Title

Gender Dimorphism in Central Adiposity May Explain Metabolic Dysfunction After Spinal Cord Injury

Document Type

Article

Publication Date

4-1-2018

Department

Kinesiology

Abstract

Background

Increase in visceral adipose tissue (VAT) is an independent risk for mortality and other health-related comorbidities.

Objective

To examine the gender differences in VAT and subcutaneous adipose tissue (SAT) cross-sectional areas (CSA) between men and women with chronic spinal cord injury (SCI). The differences in the distribution of central adiposity were used to determine the association of VAT and SAT to metabolic dysfunction after SCI.

Design

Cross-sectional design.

Setting

Hospital-based study.

Participants

Sixteen individuals (8 men and 8 women) with motor complete SCI were matched based on age, time since injury, and level of injury.

Methods

Anthropometrics, dual x-ray absorptiometry (DXA), and magnetic resonance imaging were captured to measure lean mass, fat mass (FM), percentage FM, VAT, and SAT CSAs. Basal metabolic rate was measured, and intravenous glucose tolerance test and lipid panel were performed.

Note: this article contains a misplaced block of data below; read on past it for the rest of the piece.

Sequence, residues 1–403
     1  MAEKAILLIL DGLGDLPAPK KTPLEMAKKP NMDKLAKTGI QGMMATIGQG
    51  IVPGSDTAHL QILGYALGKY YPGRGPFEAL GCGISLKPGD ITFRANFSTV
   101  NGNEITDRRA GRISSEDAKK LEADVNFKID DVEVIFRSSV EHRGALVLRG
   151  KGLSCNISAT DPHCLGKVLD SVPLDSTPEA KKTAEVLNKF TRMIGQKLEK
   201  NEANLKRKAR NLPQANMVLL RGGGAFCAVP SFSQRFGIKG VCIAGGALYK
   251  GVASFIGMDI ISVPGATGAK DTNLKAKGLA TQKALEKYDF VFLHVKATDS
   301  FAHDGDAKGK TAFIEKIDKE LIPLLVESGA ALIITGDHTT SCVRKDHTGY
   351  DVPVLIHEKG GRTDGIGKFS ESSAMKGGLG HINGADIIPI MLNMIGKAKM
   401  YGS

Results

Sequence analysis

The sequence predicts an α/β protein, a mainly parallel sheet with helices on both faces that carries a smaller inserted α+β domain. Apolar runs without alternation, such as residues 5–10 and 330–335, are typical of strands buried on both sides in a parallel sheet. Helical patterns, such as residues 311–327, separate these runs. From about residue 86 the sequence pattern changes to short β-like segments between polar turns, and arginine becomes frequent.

Main Outcome Measurements

VAT, SAT, and metabolic profile.

Results

SAT CSA was 1.6 -1.75 times greater in the upper and lower trunks in women compared to men with SCI (P < .05). VAT CSA was 1.8-2.6 times greater in the upper and lower trunks in men compared to women with SCI (P < .05). VAT adjusted to body weight was greater in men compared to women with SCI. High-density lipoprotein cholesterol (HDL-C) was positively related to SAT and negatively related to VAT. Glucose effectiveness was negatively related to lower trunk SAT (r = −0.60, P = .02). HDL-C ratio and triglycerides were positively related to upper VAT, lower VAT, and VAT:SAT ratio.

Conclusion

Magnetic resonance imaging demonstrated that there is a gender dimorphism in central adiposity in persons with chronic SCI. This gender dimorphism in central adipose tissue distribution may explain the higher prevalence of metabolic dysfunction in men with SCI, especially, the decrease in the HDL-C profile.

Level of Evidence

IV

Publication Title

PM&R

Volume

10

Issue

4

First Page

338

Last Page

348

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